Inflammation, part of the body’s immune response, is helpful when it is localized and short-term and harmful when it is in overdrive, chronic and becomes self-perpetuating.
Bump a knee and the pain, heat and redness lets you know that immune activity is happening to promote healing. Sleep only four hours a night, skip the veggies while loading up on sugary snacks or hold in anger and chronic inflammation might be burning you up.
Chronic low-level inflammation appears to be one of the root causes of heart disease, cancer and possibly neurological disorders such as Alzheimer’s and Parkinson’s disease. Recently published research in Brain, Behavior and Immunity begins to explain how excess body weight contributes to chronic inflammation.
Researchers at Brandeis University measured interleukin 6 (IL-6), a body chemical associated with stress-related inflammation after a stress-producing task. To create stress, subjects had to present a five-minute videotaped public speech and a five-minute mental arithmetic task in front of two judges in lab coats. Subjects were grouped by BMI and body fat percent.
Based on IL-6 levels, lean and overweight individuals responded similarly to stress on the first day. On the second day of testing, lean individuals still had the same IL-6 levels as the first day, but the overweight subjects’ levels doubled.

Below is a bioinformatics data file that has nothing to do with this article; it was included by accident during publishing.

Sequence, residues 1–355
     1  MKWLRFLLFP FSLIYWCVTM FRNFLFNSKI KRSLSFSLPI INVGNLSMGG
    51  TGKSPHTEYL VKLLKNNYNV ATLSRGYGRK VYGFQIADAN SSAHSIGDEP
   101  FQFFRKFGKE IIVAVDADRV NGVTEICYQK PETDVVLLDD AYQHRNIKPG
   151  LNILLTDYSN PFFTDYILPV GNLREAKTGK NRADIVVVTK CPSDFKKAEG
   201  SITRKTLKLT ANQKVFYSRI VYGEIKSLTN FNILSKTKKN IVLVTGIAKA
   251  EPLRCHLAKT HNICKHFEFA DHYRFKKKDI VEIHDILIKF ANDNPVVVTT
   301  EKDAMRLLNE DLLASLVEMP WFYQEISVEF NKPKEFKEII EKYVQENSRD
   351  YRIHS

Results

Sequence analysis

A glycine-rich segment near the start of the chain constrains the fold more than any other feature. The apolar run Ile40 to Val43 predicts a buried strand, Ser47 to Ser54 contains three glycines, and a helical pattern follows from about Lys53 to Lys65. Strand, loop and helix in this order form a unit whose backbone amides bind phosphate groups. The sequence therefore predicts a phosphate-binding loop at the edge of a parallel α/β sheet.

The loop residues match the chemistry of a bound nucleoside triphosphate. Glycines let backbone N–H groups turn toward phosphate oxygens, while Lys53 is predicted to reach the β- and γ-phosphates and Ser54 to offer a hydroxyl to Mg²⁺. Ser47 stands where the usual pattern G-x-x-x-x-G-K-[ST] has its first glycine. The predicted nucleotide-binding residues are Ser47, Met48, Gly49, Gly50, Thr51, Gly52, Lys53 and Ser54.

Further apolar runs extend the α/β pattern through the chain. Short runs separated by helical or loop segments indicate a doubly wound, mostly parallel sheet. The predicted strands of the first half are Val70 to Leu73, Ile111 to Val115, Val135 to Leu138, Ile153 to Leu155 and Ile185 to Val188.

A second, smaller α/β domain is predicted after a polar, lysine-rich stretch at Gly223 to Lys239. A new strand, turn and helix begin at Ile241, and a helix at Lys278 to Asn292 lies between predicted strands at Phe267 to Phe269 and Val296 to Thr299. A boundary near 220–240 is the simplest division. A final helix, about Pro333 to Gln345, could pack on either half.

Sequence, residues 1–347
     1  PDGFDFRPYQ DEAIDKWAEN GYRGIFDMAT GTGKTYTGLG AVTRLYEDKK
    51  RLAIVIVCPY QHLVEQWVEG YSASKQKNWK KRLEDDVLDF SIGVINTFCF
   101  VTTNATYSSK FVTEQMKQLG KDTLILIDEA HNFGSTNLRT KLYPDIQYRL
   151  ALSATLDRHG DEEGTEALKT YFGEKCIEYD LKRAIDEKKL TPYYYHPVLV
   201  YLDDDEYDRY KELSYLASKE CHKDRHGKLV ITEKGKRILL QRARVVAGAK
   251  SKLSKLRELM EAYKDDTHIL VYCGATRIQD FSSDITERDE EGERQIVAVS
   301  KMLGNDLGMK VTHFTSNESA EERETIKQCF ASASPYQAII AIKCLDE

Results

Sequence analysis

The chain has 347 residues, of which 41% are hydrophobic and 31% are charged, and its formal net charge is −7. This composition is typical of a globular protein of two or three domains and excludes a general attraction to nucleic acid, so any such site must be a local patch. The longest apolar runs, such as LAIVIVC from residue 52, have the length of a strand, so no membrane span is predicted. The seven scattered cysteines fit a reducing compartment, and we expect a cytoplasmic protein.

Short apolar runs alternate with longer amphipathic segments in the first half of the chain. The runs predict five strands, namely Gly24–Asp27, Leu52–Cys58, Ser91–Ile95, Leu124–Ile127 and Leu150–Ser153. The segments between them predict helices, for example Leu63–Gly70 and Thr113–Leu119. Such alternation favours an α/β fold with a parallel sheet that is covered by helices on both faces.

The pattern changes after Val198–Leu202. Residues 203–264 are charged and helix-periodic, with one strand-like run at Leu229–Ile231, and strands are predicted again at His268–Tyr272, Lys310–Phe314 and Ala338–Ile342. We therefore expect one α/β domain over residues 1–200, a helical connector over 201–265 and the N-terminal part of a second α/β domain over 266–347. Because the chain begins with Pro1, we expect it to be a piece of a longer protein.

The authors conclude that higher levels of weight and body fat are related with an increased IL-6 stress response. Higher IL-6 levels are found in many serious diseases, including metastatic cancer.
The relationship with body fat and IL-6 was linear, meaning the higher the weight, the greater the response and thus greater potential for inflammation. The good news is that even a small weight loss that drops BMI might improve the body’s stress response and lead to lower IL-6 levels.
Go to Andrew Weil’s anti-inflammatory pyramid at http://www.drweil.com for a detailed food plan that will help quench the inflammatory fire and move naturally toward a healthier weight.
Sheah Rarback is a registered dietitian on the faculty of the University of Miami Leonard M. Miller School of Medicine. Follow her on Twitter @sheahrarback.